Lawrence Meadows and Roderick Cummings (copy) (copy)

Pastors Lawrence Meadows (left) and Roderick Cummings are the owners of First Family Funeral Home in Spartanburg. They have been indicted on charges of desecration of human remains in connection with a decomposing corpse that was left to rot inside their funeral home for three years, authorities said. Provided 

An Upstate grand jury has indicted the co-owners of a Spartanburg funeral home in connection with a decomposed body discovered in a locked storage room earlier this year. 

Pastors Lawrence Robert Meadows and Roderick Mitchell Cummings, who own First Family Funeral Home, were indicted Friday on separate counts of desecration of human remains, Attorney General Alan Wilson announced Monday. 

The indictments allege Meadows and Cummings failed to properly care for 63-year-old Mary Alice Pitts Moore's body, which was left unattended in an unrefrigerated storage room for three years. When recovered, Moore's body had decomposed beyond recognition, authorities said.

The maximum penalty Meadows and Cummings could receive is 10 years in prison and a maximum fine of $5,000.

State Sen. Scott Talley, attorney for First Family, did not immediately return an email seeking comment. 

The indictments follow the pair's arrest by State Law Enforcement Division agents in July, just days after The Post and Courier highlighted Moore’s story in “Grave Misdeeds,” a special report  that questioned the state’s system for monitoring the nearly 500 funeral homes and crematories that operate in South Carolina. The article detailed how unscrupulous undertakers continue operating in a system largely governed by funeral industry insiders that is rife with delays, secrecy and potential conflicts.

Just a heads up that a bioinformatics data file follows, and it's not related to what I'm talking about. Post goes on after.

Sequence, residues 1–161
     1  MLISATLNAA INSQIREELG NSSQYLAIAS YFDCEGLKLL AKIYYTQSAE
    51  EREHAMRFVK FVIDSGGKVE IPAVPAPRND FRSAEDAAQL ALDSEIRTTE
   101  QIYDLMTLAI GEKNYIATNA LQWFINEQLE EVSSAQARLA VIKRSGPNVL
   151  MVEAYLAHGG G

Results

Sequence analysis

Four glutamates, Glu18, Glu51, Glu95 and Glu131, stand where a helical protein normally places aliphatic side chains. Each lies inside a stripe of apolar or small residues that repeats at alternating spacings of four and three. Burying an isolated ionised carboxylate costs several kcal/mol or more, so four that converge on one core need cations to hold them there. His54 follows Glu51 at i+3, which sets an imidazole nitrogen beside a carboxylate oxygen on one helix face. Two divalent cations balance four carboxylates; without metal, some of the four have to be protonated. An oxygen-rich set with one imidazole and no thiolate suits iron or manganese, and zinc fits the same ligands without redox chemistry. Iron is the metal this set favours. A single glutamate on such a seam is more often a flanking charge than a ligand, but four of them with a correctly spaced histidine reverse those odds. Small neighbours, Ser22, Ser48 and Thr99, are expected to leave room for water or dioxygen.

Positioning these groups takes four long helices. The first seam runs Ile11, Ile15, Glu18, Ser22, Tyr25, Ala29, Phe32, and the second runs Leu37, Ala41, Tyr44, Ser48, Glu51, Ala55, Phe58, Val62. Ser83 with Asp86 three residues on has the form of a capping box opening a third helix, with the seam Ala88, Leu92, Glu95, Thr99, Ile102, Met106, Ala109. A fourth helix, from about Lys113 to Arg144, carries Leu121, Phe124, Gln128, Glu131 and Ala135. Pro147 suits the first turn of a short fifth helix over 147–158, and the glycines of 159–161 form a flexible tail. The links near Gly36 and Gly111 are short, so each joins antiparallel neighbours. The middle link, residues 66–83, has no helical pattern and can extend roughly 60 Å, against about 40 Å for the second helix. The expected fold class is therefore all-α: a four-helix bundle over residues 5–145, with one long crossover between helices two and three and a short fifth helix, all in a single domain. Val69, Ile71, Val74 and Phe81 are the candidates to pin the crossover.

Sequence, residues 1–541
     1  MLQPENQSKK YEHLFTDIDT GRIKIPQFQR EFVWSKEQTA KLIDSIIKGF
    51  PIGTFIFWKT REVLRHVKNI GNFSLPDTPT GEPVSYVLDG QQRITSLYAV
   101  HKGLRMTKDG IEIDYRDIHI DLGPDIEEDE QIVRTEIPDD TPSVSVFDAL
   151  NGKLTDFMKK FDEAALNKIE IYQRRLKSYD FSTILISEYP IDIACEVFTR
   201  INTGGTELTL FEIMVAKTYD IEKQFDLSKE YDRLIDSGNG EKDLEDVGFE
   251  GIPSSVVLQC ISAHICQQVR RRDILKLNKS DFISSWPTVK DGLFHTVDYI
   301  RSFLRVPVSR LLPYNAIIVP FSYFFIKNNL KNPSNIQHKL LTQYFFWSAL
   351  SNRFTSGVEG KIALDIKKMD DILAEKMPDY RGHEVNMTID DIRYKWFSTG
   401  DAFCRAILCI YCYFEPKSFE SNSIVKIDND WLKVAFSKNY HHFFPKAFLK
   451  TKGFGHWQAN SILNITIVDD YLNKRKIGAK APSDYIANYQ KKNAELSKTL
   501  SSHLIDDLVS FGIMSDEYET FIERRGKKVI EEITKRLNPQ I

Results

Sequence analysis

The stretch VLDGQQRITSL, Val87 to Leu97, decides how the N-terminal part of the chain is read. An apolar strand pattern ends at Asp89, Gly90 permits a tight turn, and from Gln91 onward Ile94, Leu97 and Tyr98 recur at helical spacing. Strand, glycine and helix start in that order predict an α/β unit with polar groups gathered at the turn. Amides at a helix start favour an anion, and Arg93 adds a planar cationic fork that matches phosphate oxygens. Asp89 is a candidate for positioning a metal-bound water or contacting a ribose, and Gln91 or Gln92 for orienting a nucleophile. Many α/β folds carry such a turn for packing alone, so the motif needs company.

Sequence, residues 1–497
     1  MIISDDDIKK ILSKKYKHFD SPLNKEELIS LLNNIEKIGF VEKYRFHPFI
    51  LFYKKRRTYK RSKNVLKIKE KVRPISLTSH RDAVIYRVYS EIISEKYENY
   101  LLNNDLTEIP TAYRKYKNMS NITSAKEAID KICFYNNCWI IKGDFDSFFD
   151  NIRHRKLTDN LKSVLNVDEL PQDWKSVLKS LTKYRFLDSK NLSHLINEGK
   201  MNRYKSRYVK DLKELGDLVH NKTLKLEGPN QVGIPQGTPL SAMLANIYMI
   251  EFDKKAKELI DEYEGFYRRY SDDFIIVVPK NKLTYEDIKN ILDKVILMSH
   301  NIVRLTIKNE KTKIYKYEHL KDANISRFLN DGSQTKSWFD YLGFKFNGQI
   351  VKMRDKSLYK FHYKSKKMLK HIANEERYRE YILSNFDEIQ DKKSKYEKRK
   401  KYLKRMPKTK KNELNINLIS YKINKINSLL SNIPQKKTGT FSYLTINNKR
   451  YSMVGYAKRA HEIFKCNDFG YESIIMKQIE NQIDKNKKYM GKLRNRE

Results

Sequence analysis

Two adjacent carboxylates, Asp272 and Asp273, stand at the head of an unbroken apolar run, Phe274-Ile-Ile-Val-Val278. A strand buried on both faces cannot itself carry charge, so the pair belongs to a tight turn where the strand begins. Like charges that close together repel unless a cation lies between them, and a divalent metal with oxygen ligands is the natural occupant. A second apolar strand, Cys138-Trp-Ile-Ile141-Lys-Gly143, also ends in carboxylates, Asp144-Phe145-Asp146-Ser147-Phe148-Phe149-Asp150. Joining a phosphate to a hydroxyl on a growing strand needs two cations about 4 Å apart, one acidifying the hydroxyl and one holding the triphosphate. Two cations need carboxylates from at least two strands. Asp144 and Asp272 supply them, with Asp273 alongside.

First Family Funeral Home agreed this month to immediately and permanently relinquish its operating license to offer funeral services in South Carolina rather than face disciplinary proceedings.

The home came under scrutiny after the February discovery of Moore's body, which was supposed to have been cremated after her March 2015 death. The body had been draped in blankets and surrounded by air fresheners to mask the smell, the county coroner has said.

Neither Meadows nor Cummings was licensed to act as funeral directors at the time of the incident. Cummings never held a funeral director’s license, and Meadows lost his in 2015 for forging a name on a dead person’s life insurance paperwork to get access to the funds, according to state records.

Arrest affidavits from SLED allege the pair, both 40, left the body to rot after Moore’s family failed to pay the funeral bill in full.

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Reach Glenn Smith at 843-937-5556. Follow him on Twitter @glennsmith5.

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